“They have made all these empty promises,” she said. “They have not set realistic expectations.”

No Child Left Behind drew bipartisan support in 2001 as Sen. Edward Kennedy, a Massachusetts Democrat, worked closely with the Bush administration and other Republican leaders to draft the legislation. But now, Kennedy and other critics say Bush has failed to fully fund the law's mandates — a claim the administration denies.

Spending for Title I — the cornerstone of funding for the No Child Left Behind Act — has risen from $8.8 billion in fiscal year 2001 to $12.7 billion for the current fiscal year. However, critics say this is far below the $20.5 billion that was authorized for the current fiscal year when Congress approved the law.

In his speech last month announcing the proposal, Bush said he has heard every excuse not to test.

“My answer is: How do you know if a child is learning if you don't test? We've got money in the budget to help the states implement the tests. There should be no excuse saying, ‘Well, it's an unfunded mandate.' Forget it. It will be funded,” Bush said. “Testing in high schools will make sure that our children are employable for the jobs of the 21st century. Testing will allow teachers to improve their classes.”

William Miles, director of policy for the Public Education Network, a public school advocacy group, said No Child Left Behind needed to go further to ensure that all students graduate. He said extra testing would be a good start toward this goal, and an additional focus on high school students should begin immediately.

But other supporters of the law have been circumspect when asked about additional testing.

A spokesman for U.S. Rep. John Boehner, an Ohio Republican and chairman of the House Education and Workforce Committee, said he could not comment because Boehner had not seen the details.

“However, the chairman believes what President Bush has outlined so far is likely to spark a healthy debate in Congress,” Josh Holly said.

Rep. George Miller, a California Democrat, helped guide the legislation through the House. He said recently that Bush had lost credibility on education and his proposal faces stiff resistance.

“Given that the president has underfunded No Child Left Behind … how he would pay for high school testing is obviously an important detail,” said Thomas Kiley, a spokesman for Miller. “President Bush has offered big proposals before that he never seriously followed up on — his announcement in last year's State of the Union that we were going to Mars. We'll have to wait and see if this is another one of those.”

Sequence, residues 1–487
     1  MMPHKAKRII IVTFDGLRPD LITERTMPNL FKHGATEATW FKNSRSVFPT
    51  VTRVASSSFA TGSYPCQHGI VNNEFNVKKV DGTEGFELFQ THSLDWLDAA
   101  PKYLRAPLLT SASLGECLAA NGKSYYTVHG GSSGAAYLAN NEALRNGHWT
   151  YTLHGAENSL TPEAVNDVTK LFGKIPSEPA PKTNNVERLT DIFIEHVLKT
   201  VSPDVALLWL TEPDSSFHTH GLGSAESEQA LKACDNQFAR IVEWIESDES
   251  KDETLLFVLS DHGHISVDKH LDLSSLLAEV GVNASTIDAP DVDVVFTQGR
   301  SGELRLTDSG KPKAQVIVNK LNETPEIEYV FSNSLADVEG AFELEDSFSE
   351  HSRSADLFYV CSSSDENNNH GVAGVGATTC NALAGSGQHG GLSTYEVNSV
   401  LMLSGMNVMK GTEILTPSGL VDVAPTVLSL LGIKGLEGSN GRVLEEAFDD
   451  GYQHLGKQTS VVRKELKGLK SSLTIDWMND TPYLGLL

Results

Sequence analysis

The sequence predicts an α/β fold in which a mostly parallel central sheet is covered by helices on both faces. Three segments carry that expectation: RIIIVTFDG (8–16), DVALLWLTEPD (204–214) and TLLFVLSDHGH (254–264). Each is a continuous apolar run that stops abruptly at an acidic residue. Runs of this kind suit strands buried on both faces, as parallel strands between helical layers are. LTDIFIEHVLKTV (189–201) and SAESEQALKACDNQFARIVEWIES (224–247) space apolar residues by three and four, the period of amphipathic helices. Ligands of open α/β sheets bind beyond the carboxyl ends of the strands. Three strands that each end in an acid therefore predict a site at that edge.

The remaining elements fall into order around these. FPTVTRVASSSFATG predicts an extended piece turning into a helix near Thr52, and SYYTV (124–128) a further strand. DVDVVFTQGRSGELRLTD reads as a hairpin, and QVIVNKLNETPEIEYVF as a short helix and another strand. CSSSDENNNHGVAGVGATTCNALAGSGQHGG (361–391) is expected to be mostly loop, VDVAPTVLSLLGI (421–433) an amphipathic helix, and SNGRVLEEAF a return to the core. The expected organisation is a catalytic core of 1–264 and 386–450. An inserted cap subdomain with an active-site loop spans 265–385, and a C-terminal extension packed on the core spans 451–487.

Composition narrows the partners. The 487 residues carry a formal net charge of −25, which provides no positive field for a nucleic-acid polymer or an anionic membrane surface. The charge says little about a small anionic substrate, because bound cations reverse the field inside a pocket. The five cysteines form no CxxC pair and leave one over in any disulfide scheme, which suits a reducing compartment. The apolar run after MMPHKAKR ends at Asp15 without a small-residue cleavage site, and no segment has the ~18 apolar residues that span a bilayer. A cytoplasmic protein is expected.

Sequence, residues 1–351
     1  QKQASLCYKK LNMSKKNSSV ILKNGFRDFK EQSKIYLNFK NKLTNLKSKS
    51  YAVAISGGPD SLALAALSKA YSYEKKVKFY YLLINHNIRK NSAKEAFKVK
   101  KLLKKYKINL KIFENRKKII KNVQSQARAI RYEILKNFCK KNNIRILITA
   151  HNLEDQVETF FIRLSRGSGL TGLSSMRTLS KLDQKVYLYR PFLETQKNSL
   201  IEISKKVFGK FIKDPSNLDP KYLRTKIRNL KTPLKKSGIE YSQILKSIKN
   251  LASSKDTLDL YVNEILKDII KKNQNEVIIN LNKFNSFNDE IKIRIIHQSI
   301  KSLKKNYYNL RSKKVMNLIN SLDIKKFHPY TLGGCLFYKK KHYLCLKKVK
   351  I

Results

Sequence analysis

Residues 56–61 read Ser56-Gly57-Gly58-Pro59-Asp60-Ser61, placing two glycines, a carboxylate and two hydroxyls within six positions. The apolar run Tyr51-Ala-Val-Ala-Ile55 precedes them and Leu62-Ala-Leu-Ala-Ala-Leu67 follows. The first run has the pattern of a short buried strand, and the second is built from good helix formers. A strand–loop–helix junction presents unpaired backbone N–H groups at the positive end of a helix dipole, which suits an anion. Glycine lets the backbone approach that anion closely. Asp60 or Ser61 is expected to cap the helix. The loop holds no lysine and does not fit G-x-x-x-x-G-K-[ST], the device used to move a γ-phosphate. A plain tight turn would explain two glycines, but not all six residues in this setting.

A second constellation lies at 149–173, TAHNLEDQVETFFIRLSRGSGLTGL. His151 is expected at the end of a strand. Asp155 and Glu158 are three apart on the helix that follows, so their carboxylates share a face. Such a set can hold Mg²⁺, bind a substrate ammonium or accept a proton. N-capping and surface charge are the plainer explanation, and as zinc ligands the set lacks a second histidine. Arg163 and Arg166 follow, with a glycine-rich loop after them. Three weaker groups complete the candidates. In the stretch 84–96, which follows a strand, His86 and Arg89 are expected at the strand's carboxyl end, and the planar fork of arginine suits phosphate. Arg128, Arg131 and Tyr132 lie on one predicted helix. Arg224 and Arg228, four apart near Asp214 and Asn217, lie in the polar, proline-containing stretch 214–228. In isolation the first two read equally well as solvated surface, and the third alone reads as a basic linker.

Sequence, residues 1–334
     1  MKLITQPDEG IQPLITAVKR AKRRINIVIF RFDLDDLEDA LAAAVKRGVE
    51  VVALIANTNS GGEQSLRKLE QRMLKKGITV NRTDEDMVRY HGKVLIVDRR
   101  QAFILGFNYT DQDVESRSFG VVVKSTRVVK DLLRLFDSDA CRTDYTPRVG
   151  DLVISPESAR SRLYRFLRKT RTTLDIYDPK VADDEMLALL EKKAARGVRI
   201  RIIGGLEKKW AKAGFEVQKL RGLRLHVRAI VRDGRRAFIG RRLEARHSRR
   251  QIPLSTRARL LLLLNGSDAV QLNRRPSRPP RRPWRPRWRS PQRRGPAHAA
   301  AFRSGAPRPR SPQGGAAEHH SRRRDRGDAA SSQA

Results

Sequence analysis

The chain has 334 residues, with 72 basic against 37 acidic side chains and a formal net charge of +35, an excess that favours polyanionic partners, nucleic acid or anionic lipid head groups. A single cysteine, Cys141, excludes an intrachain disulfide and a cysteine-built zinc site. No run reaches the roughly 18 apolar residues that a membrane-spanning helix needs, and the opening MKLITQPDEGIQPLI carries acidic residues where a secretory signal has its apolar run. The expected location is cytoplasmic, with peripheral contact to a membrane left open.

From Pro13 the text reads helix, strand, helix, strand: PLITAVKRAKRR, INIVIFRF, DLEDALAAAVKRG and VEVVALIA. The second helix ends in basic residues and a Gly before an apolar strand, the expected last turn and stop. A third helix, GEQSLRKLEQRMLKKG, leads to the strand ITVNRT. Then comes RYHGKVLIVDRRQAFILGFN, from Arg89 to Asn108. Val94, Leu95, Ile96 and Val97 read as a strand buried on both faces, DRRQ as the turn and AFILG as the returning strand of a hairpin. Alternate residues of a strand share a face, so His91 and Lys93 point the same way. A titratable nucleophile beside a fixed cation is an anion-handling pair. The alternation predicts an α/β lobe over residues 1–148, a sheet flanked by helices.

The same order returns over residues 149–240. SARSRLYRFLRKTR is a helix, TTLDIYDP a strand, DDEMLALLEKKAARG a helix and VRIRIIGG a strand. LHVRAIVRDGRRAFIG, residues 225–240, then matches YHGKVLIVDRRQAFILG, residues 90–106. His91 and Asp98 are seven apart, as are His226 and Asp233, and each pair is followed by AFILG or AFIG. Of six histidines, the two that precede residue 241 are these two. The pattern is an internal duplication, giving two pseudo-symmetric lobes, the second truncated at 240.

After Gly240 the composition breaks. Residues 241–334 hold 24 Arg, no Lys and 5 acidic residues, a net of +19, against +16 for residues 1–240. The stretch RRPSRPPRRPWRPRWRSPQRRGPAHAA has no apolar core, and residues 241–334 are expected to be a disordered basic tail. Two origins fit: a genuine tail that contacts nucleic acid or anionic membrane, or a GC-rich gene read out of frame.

To reach DeAnn Smith, education reporter, call (816) 234-4412 or send e-mail to dsmith@kcstar.com.
Highlights of Bush's plan

President Bush's education plan would expand the No Child Left Behind Act to include more testing in high schools. Bush proposed an additional $1.5 billion in federal spending for high schools, including:

• $500 million in incentives to states and districts to reward teachers who raise test scores in low-income schools. About 100,000 teachers would get $5,000 bonuses.

• $250 million to states to develop additional standardized tests for high schools.

• $269 million for a partnership among states, school districts and universities to strengthen the teaching of math and science.

• $200 million to improve the literacy skills of high school students who read below grade level.

• $52 million to ensure that teachers in schools with many low-income students are trained to teach advanced placement and international baccalaureate courses.

• $45 million to encourage students to take more rigorous high school courses.

• $120 million to train teachers to do better at teaching math.
First glance

• Supporters say requiring more testing under the federal No Child Left Behind Act would make schools more accountable and ensure that students graduate prepared for the work force.

• Some educators think that more testing, instead of improving schools, would lead to more schools and districts being labeled as low-performing
First glance

• Supporters say requiring more testing under the federal No Child Left Behind Act would make schools more accountable and ensure that students graduate prepared for the work force.

— Deann Smith
Kansas City Star